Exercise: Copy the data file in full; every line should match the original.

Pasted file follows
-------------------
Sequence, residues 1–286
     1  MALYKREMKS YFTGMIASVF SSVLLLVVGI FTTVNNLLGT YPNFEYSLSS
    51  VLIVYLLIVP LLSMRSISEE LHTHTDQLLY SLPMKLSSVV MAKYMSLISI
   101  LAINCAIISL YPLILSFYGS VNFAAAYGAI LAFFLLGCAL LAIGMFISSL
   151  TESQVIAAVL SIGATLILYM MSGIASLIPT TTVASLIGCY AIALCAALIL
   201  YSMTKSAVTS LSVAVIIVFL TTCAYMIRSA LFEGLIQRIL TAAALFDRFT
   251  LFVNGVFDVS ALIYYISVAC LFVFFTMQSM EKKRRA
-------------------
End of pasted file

Sequence, residues 1–286
     1  MALYKREMKS YFTGMIASVF SSVLLLVVGI FTTVNNLLGT YPNFEYSLSS
    51  VLIVYLLIVP LLSMRSISEE LHTHTDQLLY SLPMKLSSVV MAKYMSLISI
   101  LAINCAIISL YPLILSFYGS VNFAAAYGAI LAFFLLGCAL LAIGMFISSL
   151  TESQVIAAVL SIGATLILYM MSGIASLIPT TTVASLIGCY AIALCAALIL
   201  YSMTKSAVTS LSVAVIIVFL TTCAYMIRSA LFEGLIQRIL TAAALFDRFT
   251  LFVNGVFDVS ALIYYISVAC LFVFFTMQSM EKKRRA